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'Last Kiss'

Cynicism, vanity poison 'Last Kiss'

Saturday, October 12, 2002

By Ron Weiskind, Post-Gazette Movie Editor

The Italian movie "Last Kiss," now at the Regent Square Theater, runs at farce speed but plays more like tragedy, or would if the characters weren't so superficial and self-centered.

"Last Kiss"

RATING: R for language, sexuality and some drug use. Subtitled.

STARRING: Stefano Accorsi, Giovanna Mezzogiorno, Martina Stella.

DIRECTOR: Gabriele Muccino.



It's not just that the quartet of twentysomething men in the film are allergic to commitment. Yes, Marco (Pierfrancesco Favino) has a different lover every night. But Adriano (Giorgio Pasotti) is married, yet feels shunned by his wife after the birth of their child. Paolo (Claudio Santamaria) is in love with a woman who has stopped loving him back. He wants to flee but can't because his father is dying and wants Paolo to take over his store, in which the younger man has no interest.

The bulk of the story focuses on Carlo (Stefano Accorsi), whose girlfriend Giulia (Giovanna Mezzogiorno) opens the movie by proudly announcing to her parents that she is pregnant.

Her pronouncement makes everyone happy on the outside but miserable on the inside. Carlo worries about the responsibility and feels his youth slipping away (he's nearing 30), while Adriano feeds his unease by whining about his own problems. Giulia's mother, Anna (Stefania Sandrelli), finds herself dwelling on her age and appearance and jealous of her daughter. Fed up with the lack of passion in her own marriage, she seeks out an old lover in hopes of rekindling their fling.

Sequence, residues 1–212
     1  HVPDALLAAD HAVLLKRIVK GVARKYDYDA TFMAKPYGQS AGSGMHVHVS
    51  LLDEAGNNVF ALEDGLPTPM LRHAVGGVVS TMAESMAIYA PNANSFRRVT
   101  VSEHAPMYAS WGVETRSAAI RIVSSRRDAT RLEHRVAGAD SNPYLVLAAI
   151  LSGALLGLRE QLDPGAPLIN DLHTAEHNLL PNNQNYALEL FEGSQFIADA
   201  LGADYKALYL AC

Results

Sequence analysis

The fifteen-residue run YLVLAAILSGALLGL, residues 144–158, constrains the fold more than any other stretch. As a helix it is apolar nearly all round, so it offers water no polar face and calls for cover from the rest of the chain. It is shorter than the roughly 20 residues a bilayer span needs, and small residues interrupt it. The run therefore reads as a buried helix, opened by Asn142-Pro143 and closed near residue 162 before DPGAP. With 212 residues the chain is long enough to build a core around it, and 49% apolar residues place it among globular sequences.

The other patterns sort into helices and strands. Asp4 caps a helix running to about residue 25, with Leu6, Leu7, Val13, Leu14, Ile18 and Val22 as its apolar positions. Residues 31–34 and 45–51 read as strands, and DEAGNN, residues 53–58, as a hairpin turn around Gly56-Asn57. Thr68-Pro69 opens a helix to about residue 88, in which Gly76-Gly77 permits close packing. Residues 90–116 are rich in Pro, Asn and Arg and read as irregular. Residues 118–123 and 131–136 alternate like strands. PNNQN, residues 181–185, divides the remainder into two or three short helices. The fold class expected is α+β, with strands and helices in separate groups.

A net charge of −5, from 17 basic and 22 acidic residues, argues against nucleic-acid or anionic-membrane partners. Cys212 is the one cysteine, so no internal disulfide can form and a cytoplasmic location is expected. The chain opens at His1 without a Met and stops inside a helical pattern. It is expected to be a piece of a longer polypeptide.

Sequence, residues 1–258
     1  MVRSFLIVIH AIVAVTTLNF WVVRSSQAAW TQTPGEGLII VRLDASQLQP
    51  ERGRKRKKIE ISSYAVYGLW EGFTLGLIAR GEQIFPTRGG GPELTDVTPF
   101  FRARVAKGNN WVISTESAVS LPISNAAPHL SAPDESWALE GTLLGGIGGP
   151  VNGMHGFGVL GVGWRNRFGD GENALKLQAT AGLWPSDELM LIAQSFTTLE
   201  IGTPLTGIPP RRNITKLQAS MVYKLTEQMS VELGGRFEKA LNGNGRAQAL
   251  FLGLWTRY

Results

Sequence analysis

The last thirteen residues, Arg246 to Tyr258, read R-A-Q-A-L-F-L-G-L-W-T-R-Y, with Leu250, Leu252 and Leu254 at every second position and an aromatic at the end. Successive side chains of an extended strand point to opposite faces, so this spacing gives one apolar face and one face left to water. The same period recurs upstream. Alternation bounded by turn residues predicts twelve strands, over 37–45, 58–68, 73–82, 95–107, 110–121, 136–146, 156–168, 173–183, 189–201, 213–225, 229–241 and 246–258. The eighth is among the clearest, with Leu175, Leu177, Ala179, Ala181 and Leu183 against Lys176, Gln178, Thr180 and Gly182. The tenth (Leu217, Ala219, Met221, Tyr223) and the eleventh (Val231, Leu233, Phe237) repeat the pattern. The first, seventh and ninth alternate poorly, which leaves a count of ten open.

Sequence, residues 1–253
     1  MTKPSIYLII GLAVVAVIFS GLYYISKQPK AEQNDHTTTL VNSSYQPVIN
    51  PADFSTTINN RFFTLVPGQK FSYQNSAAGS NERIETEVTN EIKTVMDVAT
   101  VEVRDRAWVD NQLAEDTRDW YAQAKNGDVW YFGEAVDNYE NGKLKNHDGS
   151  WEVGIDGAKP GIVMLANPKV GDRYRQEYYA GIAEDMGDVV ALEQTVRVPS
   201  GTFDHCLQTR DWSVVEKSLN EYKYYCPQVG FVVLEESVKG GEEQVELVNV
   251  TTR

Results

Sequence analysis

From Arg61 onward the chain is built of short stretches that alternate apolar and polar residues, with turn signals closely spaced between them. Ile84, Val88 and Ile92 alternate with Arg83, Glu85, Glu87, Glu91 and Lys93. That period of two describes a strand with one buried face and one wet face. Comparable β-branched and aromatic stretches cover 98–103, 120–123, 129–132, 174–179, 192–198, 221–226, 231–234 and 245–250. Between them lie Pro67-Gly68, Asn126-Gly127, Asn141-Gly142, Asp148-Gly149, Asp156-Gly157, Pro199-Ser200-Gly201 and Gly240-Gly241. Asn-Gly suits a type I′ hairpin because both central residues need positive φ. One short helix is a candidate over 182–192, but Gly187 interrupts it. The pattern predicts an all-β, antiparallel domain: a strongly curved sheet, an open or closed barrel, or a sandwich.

While his friends talk about escaping by buying a van and driving across Africa, Carlo responds to his panic by pursuing Francesca (Martina Stella), a sexy 18-year-old blond high school student.

Director Gabriele Muccino and his swirling camera whipsaw effectively among these conflicted characters, finding a pace and rhythm in his editing that emphasizes the accumulating frenzy. But these characters aren't mad. They're mostly shallow and vain, while the movie's cynicism about love runs very deep and cold, right down to its ironic ending.

It's one thing to fret about growing old. The end of passion is a serious matter in any marriage, and the movie has some interesting things to say about what replaces it. But it's another thing to refuse to grow up so vehemently that you run screaming at the first obstacle or demand. It's impossible for me to sympathize with these men (it doesn't help that the women are drop-dead gorgeous and the guys could be fashion models), which leaves me with no other choice but to kiss off "Last Kiss."

Ron Weiskind can be reached at rweiskind@post-gazette.com or 412-263-1581.

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